Redesign always entails risks. Paradoxically, the launch of an improved version is always accompanied by a decrease in metrics because users don’t usually want to change anything. In cases like these, no single scenario can guarantee success. However, several similar cases can teach us a thing or two.
In the run-up to the CASES online conference on digital products, Aleksey Stiques, Head of Product Design at Parimatch Tech, told Vector about the various stages of the redesign process and the best way to approach them.
Product interface development
This process is usually iterative. As the product develops, new functions, content blocks, and other elements are added to the interface. Iteration is standard practice when the product is evolving as it allows users to suggest modifications based on their needs.
There’s always the hidden danger of creating an interface with so many elements that it confuses the users. Excessive features can accumulate due to lack of oversight, leading to functions that either do nothing or are only meant for particular user segments.
At some stage, the number of unrelated elements reaches a saturation point. By this time, cosmetic changes are out of the question, and the product has to be wholly rebuilt so that it looks attractive and functions properly. First and foremost, this information is useful for the old-timers who’ve been in the market for more than five years.
The beginning of the redesign process
The redesign process definitely shouldn’t begin with references—these are the last things your designer wants to see. After all, the look and functionality of a competitor’s products are usually the results of their experience and the mistakes they made in the process.
It is much more important to make sure that everyone involved in the process understands the purpose of the redesign and knows what they want to achieve.
In terms of the visuals, there are always two options:
• be like all the others;
• be different.
Both options are pretty good. But it is crucial to understand:
• what makes the products look similar;
• what is the pattern for the industry and the client;
• what to “break” to be different;
• how not to damage the overall UX.
Once you’ve answered the questions above, you can start collecting your ref-lists.
What are the indicators of success?
The most demonstrative indicator is the conversion into the required actions. You need to understand your funnel and track the critical points of business action—at what stage do your users leave: registration, login, or transaction? Then you need to modify elements that can bring good results with little effort.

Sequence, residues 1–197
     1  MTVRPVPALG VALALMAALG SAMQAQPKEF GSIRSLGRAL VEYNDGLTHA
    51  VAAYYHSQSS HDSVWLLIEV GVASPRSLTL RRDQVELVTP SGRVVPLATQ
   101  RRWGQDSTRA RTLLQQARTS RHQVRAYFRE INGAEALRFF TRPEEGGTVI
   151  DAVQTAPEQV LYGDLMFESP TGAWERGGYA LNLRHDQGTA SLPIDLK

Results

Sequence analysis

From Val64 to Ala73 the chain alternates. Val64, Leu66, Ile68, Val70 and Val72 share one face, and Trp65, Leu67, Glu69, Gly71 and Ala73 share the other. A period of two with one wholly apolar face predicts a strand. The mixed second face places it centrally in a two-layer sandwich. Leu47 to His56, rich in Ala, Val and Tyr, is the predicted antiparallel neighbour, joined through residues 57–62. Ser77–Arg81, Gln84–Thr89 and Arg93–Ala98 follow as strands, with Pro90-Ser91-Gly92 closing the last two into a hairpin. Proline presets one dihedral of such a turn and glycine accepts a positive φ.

It is also important to remember that there are a number of elements that may not directly affect conversions but, at the same time, can damage the overall perception of the product and brand.
Users don’t need to be qualified designers to notice a product that doesn’t work as it should or looks unattractive.
It’s therefore essential to maintain a basic level of product hygiene—to ensure the compatibility of solutions and provide resources to support visual design.
Measuring redesign efficiency
If a specific metric is introduced as a key feature of the redesign to increase the speed index or reduce the error rate, for example, then the efficiency should be measured by this metric.
But the redesign is not always about numbers. The idea of updating the product for a more representative visualization of the brand’s emotion may lie at the root of the process. This is a matter of your feelings.
You might engage focus groups to measure the effectiveness of the redesign or you may have someone on your team who’s an expert in the field. In that case, they would validate and identify whether or not the emotion is appropriately communicated. But even with a person like this in your team, you still need to track the funnel.
If drastic changes to the product make users feel rejected, the metrics decrease. Although they generally tend to level out after a couple of weeks and may even increase, it’s important to double-check.
Try migrating your audience to the new interface in parts—one after another. In this way, after migrating one group of users to the new design, you can identify what they don’t like and fix it before migrating to the next group. As a result, the migration will be smooth for the audience.
The case of Parimatch
When migrating the Parimatch website to a new platform, the main goal was the migration itself, not the redesign. Nevertheless, since we were writing a new front, we also decided to improve the product for our pro audience.
We divided the audience into several groups: by experience, profitability, and the platform they play on. Going forward, we planned out when each group would migrate to the new platform and measured the activity of each group after the migration.
Because the migration was gradual, the number of mobile phones increased. There was a drawdown with desktop users—so, we paused the migration and delved deeper into the study of this particular group. We found and fixed all the elements that were inconvenient, complicated, and time-consuming for these users.
This approach has allowed us to increase all the indicators of the previous version: the number of conversions to the key action and the speed index. And the new platform has increased the download speed and the ability to withstand peak loads for simultaneous bets per minute.